The Kyoto Protocol was adopted at the Third Conference of Parties in December 1997 by the Parties to the UN Convention on Climate Change. The EU is a signatory to the protocol. The Protocol begins to provide targets for implementing the Climate Change Convention. It commits parties to reducing greenhouse gas emissions, ensuring that their aggregate anthropogenic carbon dioxide equivalent emissions of greenhouse gases do not exceed their assigned amounts. Limits vary according by country, most require reductions, but in some cases increases are allowed. The gases to be reduced under the Protocol are carbon dioxide, methane, nitrous oxide, hydrofluorocarbons, perfluorocarbons and sulphur hexafluoride. Sources of anthropogenic emissions include energy generation and use, industrial processes, solvent and other product use, waste and agriculture.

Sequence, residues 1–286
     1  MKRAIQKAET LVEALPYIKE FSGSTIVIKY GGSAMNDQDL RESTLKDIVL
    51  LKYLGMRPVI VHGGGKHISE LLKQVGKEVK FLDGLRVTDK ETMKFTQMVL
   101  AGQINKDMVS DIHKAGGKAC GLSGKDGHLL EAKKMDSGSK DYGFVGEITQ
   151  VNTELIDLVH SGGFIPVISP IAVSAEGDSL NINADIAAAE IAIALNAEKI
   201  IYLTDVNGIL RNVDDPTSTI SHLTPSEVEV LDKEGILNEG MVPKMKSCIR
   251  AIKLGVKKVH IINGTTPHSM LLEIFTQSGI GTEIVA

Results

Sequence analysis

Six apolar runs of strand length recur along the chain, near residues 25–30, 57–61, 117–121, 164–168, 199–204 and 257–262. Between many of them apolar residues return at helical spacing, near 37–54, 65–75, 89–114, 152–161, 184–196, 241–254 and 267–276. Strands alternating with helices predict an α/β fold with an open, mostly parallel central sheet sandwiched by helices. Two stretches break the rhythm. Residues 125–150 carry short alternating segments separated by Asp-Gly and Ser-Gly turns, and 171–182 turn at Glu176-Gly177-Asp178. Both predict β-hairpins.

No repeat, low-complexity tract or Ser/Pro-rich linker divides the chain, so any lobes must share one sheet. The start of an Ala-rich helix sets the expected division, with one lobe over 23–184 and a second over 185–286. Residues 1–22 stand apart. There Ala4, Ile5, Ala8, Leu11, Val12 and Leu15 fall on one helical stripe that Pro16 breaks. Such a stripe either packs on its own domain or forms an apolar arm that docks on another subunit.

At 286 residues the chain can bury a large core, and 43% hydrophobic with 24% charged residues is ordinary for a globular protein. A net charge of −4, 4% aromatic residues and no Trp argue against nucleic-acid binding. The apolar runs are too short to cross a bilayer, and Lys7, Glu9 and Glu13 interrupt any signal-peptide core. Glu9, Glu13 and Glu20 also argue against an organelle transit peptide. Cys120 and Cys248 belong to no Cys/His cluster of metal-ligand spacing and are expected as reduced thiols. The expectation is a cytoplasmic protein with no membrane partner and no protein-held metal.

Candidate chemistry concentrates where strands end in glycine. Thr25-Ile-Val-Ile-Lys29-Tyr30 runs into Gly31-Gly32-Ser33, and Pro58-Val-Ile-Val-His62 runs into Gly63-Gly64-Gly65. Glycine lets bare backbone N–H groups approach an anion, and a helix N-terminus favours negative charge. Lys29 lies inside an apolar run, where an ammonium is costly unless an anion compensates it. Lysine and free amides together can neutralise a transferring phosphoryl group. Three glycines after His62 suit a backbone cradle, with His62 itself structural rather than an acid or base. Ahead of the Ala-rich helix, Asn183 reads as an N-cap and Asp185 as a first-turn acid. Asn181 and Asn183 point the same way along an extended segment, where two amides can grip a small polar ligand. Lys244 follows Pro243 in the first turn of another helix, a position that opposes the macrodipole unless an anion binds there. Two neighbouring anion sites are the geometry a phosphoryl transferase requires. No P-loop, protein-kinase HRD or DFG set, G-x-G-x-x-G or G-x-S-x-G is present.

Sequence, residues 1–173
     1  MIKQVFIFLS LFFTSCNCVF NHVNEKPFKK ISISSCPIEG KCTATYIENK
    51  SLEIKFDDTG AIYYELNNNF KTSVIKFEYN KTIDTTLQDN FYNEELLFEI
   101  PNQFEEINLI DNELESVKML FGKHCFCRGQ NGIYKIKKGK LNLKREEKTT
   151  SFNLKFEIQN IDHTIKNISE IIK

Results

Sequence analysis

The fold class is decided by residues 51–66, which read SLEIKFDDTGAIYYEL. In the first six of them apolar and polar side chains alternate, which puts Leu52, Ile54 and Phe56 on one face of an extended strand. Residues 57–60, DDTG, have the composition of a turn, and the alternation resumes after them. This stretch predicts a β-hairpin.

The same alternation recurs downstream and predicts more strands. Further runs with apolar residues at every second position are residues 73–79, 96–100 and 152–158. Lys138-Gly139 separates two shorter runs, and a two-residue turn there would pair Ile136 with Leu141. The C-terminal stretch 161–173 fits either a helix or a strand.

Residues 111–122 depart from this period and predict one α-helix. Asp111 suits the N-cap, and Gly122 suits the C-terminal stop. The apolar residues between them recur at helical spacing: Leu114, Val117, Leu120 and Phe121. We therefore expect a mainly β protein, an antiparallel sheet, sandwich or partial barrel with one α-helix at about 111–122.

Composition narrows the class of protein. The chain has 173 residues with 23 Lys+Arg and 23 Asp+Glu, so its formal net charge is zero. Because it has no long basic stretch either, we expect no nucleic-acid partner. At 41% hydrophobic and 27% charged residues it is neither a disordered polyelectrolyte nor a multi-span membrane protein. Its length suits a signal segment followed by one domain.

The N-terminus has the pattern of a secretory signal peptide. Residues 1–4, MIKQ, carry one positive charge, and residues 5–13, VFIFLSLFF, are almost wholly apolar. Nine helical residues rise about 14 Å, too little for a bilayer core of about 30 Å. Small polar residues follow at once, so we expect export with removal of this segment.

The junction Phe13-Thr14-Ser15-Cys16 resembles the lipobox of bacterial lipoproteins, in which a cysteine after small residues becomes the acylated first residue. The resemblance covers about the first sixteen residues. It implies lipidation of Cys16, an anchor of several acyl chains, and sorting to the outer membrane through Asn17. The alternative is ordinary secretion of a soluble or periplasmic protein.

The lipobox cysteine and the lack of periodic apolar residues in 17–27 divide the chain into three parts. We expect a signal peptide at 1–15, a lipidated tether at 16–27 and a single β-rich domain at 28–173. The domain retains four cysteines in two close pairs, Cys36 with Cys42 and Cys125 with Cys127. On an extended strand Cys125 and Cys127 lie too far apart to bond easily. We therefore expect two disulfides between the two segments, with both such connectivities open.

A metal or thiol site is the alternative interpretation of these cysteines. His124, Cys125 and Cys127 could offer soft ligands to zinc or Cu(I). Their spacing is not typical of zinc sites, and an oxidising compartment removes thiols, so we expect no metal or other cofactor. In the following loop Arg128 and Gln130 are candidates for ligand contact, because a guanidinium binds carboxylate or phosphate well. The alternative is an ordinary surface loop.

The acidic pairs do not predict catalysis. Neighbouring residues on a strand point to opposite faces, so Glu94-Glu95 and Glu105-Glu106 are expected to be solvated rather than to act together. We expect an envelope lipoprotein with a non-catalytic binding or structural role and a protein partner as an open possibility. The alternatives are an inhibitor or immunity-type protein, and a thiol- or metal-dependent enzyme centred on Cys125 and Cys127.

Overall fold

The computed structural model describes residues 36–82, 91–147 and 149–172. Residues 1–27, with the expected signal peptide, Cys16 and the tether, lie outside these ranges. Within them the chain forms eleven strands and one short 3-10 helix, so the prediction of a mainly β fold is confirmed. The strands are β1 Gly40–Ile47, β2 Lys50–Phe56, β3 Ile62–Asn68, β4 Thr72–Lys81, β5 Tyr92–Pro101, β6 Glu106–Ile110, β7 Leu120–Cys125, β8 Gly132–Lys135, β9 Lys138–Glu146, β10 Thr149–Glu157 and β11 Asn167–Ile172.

Overall, developed nations must cut their emissions to 5% below 1990 levels and to 30% below projected levels by 2008-2012. Methodologies for estimating anthropogenic emissions and global warming potential used for calculations must be approved by the Intergovernmental Panel on Climate Change (IPCC). The Protocol develops the concept of trade in emission reduction units resulting from projects aimed at reducing anthropogenic emissions by source or enhancing removals by sinks of greenhouse gases. These units can be transferred to or acquired from other parties subject to a number of conditions detailed in the Protocol.